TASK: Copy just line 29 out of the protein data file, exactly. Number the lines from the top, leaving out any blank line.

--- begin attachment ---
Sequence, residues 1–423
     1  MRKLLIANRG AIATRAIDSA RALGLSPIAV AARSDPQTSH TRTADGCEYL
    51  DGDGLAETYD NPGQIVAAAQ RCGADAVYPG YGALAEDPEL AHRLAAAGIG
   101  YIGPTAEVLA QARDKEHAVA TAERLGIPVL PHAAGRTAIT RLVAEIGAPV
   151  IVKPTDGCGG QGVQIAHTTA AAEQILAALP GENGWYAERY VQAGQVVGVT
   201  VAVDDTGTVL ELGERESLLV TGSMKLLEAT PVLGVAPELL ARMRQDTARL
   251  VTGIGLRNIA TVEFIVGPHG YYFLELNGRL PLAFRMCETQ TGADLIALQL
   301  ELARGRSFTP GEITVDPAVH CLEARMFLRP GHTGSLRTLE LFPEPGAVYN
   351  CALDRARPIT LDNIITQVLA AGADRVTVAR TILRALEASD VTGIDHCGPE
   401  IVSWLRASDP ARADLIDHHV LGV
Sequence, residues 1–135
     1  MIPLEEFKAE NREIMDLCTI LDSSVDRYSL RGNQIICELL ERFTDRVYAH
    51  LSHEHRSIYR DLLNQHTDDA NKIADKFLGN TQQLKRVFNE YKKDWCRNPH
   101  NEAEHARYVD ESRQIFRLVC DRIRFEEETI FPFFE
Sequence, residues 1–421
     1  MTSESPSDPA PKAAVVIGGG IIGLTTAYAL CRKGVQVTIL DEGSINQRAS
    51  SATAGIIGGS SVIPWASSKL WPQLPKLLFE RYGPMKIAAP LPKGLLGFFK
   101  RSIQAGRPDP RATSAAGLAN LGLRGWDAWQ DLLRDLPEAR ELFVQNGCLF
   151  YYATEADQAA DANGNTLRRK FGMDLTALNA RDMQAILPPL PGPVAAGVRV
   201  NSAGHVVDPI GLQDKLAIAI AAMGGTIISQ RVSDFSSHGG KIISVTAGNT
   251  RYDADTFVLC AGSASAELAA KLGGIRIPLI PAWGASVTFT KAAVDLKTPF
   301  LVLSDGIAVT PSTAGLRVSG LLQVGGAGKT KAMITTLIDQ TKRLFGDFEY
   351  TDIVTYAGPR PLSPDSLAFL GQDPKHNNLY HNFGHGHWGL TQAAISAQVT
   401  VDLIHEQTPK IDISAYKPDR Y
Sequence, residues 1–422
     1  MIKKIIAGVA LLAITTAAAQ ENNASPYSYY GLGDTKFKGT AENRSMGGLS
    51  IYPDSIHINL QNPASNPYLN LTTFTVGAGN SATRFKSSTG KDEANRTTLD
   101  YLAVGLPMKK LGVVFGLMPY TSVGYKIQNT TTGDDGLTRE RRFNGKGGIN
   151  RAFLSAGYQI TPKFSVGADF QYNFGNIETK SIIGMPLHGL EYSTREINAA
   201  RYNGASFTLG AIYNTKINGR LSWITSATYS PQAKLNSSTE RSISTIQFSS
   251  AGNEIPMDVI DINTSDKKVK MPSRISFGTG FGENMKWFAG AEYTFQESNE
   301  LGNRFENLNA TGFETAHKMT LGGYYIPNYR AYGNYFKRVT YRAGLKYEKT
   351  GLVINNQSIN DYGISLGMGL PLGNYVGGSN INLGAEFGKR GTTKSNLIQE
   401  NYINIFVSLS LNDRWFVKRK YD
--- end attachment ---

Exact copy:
   151  RAFLSAGYQI TPKFSVGADF QYNFGNIETK SIIGMPLHGL EYSTREINAA